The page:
An NPR member station
Play Live Radio
Next Up:
0:00 0:00
Available On Air Stations

Most Senior Police Officer In Freddie Gray Case Is Found Not Guilty Of Manslaughter

A Baltimore judge has found Lt. Brian Rice, the fourth of six Baltimore police officers to go on trial in the death of Freddie Gray last year, not guilty of involuntary manslaughter. That's the most serious charge Rice had faced; he was also cleared of lesser charges.

Two other officers charged after Gray died in police custody in April 2015 have been acquitted in bench trials. A third officer, who was actually the first to go on trial, saw a mistrial declared in December after the jury couldn't reach a verdict. That officer is set to be re-tried later this year.

Rice's bench trial was heard by Baltimore Circuit Judge Barry G. Williams, who also heard the other three cases. In addition to the manslaughter charge, Williams acquitted Rice of misconduct in office and reckless endangerment.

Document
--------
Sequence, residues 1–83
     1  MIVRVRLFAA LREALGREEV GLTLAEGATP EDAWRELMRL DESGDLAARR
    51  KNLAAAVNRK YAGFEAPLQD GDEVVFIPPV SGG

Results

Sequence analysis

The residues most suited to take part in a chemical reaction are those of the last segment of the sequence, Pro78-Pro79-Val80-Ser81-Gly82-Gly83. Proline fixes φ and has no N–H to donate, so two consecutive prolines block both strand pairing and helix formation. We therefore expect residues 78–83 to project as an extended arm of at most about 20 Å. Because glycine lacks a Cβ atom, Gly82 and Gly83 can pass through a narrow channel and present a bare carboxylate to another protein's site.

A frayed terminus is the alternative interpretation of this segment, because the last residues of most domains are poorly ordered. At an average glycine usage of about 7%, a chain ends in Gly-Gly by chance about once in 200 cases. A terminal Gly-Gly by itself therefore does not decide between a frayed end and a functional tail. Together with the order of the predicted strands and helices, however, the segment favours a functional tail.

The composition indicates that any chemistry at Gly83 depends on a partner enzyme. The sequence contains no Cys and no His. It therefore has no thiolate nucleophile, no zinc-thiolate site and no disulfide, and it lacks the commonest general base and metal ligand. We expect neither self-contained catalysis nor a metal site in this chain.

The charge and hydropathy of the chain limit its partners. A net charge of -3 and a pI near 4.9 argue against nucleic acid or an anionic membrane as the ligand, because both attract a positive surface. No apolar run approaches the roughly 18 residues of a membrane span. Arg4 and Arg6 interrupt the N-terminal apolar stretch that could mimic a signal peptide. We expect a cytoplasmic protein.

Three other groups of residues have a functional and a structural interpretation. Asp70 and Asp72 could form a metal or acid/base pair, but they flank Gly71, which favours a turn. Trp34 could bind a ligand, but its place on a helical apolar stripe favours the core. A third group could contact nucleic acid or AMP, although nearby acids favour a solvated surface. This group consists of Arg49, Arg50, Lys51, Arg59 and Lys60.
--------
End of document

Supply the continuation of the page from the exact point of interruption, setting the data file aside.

As The Two-Way reported earlier this month, Rice was identified as the police officer who began the pursuit of Gray. He's also the highest-ranking officer in the case against officers who are accused of recklessly endangering Gray by failing to secure him with a seat belt when he rode in the back of a police van. Gray died on April 19 of injuries that he sustained while in police custody — seven days after he was apprehended.

Rice could have faced up to 10 years in prison if convicted of manslaughter, reports member station WYPR in Baltimore.

Defense attorney and legal analyst Warren Brown had predicted Rice would not be convicted of any of the charges. He told WYPR, "The crux of it is going to be that the judge is going to say that he is not convinced beyond a reasonable doubt that Lt. Rice acted unreasonably at stop two in not belting Freddie Gray in."

Copyright 2021 NPR. To see more, visit

Bill Chappell is a writer and editor on the News Desk in the heart of NPR's newsroom in Washington, D.C.